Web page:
It all starts with good intentions.
In 2003, a tourism plan was introduced to boost the economy of the Xianfeng village in Sichuan. Drawing inspiration from nearby Mount Emei, which houses a large population of macaques (or a population of large macaques), the village decided to get in on the monkey action to attract tourists.
So villagers hiked up the mountain and brought back 73 macaques. The plan worked initially, with tourists flocking to the village to play with the monkeys, and a bunch of investors funded a proper reserve for the monkeys.
Then in 2014, main investor Zhou Zhenggu died, and the reserve had to be shut down due to a lack of funds. Nobody volunteered at the time to bring the monkeys back up the mountain, so in the village they remained. And bred.
Xianfeng is now overrun with 600 monkeys who refuse to go away. They destroy crops, invade homes, and generally behave like bored teenagers, minus the illegal racing and recreational drug use. While some of these monkeys have been captured and released into the wild, most are hell-bent on staying behind, because it is the only home they have ever known.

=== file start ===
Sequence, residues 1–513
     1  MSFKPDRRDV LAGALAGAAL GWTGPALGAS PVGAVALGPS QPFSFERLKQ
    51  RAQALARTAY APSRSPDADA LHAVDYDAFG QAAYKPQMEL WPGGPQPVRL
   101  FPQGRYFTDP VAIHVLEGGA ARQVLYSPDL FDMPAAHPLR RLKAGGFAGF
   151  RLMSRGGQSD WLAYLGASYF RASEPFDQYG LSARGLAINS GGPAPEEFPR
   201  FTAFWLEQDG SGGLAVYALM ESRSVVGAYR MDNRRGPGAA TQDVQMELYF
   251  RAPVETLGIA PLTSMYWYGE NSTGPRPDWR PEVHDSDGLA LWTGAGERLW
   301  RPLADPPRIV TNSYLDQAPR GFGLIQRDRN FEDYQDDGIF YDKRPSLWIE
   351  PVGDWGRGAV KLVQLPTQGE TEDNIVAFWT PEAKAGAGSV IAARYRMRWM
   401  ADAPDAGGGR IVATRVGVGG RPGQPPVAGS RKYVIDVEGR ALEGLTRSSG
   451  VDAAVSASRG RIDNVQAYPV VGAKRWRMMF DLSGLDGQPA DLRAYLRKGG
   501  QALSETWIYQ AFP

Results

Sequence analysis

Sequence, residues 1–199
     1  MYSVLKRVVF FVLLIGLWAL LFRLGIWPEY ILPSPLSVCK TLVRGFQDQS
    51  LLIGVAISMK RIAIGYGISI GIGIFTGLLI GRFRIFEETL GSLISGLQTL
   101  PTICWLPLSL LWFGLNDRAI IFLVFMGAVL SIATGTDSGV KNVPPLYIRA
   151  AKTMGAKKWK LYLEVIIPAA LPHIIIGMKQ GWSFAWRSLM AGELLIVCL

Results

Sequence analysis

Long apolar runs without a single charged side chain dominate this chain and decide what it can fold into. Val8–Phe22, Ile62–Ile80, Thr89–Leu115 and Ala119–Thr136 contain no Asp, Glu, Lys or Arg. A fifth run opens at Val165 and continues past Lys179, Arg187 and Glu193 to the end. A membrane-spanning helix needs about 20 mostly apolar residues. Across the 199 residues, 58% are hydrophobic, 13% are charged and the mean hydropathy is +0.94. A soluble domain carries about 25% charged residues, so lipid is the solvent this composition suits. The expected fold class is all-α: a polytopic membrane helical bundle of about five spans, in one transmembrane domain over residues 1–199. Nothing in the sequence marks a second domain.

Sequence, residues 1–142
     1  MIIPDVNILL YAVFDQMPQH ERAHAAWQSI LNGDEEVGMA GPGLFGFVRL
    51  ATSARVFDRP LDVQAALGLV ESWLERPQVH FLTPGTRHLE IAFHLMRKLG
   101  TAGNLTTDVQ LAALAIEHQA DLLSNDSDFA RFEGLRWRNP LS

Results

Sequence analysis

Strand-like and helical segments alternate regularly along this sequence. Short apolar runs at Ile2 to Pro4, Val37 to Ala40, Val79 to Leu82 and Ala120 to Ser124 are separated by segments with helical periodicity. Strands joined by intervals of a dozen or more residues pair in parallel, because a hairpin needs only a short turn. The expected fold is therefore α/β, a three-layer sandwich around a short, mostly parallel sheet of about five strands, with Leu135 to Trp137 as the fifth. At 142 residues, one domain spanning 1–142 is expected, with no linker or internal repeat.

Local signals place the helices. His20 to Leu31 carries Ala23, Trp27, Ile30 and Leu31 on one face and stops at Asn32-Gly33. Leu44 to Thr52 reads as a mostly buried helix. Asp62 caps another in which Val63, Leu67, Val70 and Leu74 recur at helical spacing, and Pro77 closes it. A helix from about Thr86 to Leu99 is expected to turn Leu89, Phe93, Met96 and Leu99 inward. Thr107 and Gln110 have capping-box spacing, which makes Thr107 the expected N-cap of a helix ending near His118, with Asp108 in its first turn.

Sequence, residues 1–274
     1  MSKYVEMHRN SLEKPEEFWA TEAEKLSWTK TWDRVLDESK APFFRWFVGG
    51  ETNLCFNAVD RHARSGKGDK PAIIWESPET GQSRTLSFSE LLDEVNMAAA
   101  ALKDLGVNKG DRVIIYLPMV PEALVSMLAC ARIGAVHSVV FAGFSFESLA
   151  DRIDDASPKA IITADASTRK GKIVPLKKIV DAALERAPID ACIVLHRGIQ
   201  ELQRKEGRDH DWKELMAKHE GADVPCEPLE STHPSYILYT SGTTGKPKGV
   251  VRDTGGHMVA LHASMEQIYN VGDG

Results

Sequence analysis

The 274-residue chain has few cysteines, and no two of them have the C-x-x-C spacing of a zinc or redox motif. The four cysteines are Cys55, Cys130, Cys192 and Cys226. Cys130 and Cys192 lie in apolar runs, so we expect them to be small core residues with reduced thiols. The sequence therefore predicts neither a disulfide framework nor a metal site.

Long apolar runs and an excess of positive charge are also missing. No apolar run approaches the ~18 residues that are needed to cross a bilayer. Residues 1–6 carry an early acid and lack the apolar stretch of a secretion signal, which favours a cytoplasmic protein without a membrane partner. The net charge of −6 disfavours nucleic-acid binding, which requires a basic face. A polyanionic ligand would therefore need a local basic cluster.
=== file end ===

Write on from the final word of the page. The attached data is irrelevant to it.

Villagers have apparently been told to find a way to coexist with the macaques until they up and leave by themselves. Thing is, they might not, as the inhabitants of New Delhi will testify to—the city has experimented with vasectomies, birth control pills, larger monkeys and even monkey wallahs to chase the Rhesus macaques out of Dodge, with negligible results.
Which all sounds amusing, until you realise that back in 2007, monkeys actually killed the deputy mayor of the capital of India. Wars have been started for less.